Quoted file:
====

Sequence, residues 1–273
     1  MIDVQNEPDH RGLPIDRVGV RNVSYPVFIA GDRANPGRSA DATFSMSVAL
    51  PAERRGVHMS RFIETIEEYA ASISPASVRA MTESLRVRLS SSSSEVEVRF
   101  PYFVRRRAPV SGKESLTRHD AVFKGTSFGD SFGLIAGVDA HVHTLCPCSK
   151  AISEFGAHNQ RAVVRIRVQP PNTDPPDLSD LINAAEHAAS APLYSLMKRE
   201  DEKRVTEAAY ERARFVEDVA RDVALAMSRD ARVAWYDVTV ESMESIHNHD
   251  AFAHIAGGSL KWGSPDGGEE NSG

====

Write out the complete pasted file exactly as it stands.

Sequence, residues 1–273
     1  MIDVQNEPDH RGLPIDRVGV RNVSYPVFIA GDRANPGRSA DATFSMSVAL
    51  PAERRGVHMS RFIETIEEYA ASISPASVRA MTESLRVRLS SSSSEVEVRF
   101  PYFVRRRAPV SGKESLTRHD AVFKGTSFGD SFGLIAGVDA HVHTLCPCSK
   151  AISEFGAHNQ RAVVRIRVQP PNTDPPDLSD LINAAEHAAS APLYSLMKRE
   201  DEKRVTEAAY ERARFVEDVA RDVALAMSRD ARVAWYDVTV ESMESIHNHD
   251  AFAHIAGGSL KWGSPDGGEE NSG